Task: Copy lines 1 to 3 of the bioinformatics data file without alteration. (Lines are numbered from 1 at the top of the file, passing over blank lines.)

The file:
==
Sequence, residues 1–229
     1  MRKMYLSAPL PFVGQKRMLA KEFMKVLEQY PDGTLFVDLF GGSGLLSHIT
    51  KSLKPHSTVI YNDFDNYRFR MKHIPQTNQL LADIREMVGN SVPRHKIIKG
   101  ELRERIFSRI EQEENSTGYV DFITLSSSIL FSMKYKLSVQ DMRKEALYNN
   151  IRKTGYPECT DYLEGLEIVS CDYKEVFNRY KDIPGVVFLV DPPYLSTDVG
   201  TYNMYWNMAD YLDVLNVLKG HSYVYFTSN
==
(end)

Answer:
Sequence, residues 1–229
     1  MRKMYLSAPL PFVGQKRMLA KEFMKVLEQY PDGTLFVDLF GGSGLLSHIT
    51  KSLKPHSTVI YNDFDNYRFR MKHIPQTNQL LADIREMVGN SVPRHKIIKG